Every wedding is different.  And that’s okay and right!

    Post # 57
    536 posts
    Busy bee
    • Wedding: October 2011

    Wow this thread has been intense reading!  But I totally agree with both sides!  We are just in the beginning stages of planning our wedding! We have gone to a few places and realized in our area things get expensive fast.  We are going to have a longer engagement so we can save. 

    I think it would be great the have a “Platnium Wedding” , and I think its awesome for those who do..but I def think its equally as great for brides who do it on the “lower budget” scale. 


    All that matters is that you are happy and can afford the bill out the end of the night! 🙂




    Post # 58
    3788 posts
    Honey bee
    • Wedding: July 2011

    GirlWithARing — I am mostly inclined to be understanding to you as I read this thread because I agree with lilyfaith and Arachna on their perspectives and teaadntoast’s last paragraph — it is what you make it and there is no right or wrong wedding, but your last reply here is really off-putting. “Try DIYing and working 14 hours a day like I do.” The underlying implication, based on your position and repeated emphasis on the fact that you work all these hours to afford the wedding of your choosing, being that lower budget brides work fewer hours and have all this time left to DIY? That is the kind of comment that will make someone unsympathetic to your situation, like you’re the only one who has to work for it. I know there are many bees (probably at varying budget points) who work full time and are full time students and/or parents pulling similar hours, so I really don’t see how that comment was necessary or helpful to your cause. Whether or not that was your intention (hopefully it just came off wrong), it seems very condescending.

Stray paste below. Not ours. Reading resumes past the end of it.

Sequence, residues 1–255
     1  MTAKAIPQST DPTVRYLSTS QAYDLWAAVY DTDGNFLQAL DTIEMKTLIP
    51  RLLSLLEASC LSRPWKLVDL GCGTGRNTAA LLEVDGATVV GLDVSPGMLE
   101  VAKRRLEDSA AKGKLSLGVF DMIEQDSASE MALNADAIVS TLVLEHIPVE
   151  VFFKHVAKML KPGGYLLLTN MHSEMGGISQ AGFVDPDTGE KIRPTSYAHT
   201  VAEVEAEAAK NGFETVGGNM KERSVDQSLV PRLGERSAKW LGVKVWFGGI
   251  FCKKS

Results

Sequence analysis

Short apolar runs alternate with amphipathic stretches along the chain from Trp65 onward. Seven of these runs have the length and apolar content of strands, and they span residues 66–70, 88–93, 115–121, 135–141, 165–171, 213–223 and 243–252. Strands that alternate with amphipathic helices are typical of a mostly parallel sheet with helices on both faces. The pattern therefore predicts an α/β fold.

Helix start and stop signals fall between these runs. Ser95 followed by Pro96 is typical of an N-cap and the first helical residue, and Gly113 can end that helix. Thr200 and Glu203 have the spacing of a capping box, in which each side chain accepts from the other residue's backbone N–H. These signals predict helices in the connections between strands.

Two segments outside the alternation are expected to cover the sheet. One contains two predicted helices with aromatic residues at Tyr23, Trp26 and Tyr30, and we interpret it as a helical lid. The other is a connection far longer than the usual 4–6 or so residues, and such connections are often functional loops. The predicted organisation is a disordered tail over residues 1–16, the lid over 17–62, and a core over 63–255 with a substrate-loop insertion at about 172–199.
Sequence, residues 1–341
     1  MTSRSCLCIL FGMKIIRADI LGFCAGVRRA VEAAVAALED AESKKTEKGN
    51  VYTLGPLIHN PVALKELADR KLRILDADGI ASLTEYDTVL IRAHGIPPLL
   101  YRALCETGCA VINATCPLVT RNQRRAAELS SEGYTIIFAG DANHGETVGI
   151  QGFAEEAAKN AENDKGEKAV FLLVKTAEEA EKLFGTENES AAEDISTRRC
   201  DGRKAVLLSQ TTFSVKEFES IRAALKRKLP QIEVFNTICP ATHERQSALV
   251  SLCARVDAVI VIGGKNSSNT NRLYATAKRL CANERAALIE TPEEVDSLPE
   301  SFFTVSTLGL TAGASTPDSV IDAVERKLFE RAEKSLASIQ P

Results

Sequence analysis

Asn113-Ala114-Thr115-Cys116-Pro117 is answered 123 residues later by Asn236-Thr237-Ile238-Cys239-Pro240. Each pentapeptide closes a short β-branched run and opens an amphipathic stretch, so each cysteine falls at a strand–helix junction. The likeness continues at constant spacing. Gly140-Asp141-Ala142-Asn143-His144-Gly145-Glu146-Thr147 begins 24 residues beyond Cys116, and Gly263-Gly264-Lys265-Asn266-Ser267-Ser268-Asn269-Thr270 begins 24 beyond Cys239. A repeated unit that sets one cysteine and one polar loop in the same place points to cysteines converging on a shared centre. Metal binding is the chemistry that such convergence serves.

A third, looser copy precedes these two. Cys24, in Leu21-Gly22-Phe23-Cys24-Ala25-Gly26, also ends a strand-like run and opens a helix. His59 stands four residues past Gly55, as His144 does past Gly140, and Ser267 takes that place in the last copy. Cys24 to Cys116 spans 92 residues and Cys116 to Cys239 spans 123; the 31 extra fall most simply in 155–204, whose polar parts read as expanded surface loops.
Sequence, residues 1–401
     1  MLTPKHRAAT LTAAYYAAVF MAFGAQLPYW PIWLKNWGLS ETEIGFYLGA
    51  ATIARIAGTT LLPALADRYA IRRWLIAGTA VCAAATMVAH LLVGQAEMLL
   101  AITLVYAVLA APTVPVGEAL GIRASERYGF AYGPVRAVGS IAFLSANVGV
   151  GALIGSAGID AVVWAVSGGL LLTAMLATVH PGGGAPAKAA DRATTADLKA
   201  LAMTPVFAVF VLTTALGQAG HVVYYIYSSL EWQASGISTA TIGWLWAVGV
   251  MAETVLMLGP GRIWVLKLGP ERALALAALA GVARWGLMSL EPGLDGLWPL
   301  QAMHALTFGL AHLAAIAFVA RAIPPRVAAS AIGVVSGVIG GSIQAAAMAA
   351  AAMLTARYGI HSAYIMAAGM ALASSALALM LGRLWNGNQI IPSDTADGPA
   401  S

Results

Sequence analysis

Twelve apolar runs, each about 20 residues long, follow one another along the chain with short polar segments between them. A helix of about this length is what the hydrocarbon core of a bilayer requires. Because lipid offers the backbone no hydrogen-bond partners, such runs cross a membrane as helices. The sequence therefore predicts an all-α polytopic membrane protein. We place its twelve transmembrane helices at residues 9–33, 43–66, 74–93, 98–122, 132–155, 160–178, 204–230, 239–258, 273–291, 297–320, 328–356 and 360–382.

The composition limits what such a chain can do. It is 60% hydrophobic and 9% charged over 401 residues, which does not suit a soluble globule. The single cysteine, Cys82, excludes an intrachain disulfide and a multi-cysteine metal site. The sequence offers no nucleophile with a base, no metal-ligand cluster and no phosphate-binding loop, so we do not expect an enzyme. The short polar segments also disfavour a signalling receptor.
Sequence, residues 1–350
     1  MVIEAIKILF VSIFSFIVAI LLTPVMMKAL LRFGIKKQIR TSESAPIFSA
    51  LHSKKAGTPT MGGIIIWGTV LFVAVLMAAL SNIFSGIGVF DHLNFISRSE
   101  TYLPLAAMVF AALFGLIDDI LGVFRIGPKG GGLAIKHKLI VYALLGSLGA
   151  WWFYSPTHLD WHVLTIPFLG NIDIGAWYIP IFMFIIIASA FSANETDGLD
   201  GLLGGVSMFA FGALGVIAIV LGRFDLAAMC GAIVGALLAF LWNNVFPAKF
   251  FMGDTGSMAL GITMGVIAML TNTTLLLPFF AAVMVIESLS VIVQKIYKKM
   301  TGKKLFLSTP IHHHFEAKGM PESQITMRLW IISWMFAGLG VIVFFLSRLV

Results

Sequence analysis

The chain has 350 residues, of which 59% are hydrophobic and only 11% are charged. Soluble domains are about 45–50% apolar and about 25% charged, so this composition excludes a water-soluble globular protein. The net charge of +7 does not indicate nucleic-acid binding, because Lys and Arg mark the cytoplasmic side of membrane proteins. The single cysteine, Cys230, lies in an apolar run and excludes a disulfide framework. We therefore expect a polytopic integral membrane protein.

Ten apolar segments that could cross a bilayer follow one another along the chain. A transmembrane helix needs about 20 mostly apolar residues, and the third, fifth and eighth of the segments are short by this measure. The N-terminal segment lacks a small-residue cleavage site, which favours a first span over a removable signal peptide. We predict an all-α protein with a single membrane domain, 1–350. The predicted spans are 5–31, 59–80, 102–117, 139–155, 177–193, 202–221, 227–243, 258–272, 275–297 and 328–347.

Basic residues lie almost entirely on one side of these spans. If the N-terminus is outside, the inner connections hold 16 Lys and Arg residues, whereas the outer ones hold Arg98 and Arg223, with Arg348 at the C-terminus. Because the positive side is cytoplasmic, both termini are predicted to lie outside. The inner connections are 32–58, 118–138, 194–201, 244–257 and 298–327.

Post # 59
    165 posts
    Blushing bee
    • Wedding: September 2010

    I don’t think those with a bigger budget should feel bad for having that budget. As others have posted, it definitely depends on where you are getting married as to how far your budget is going to get you.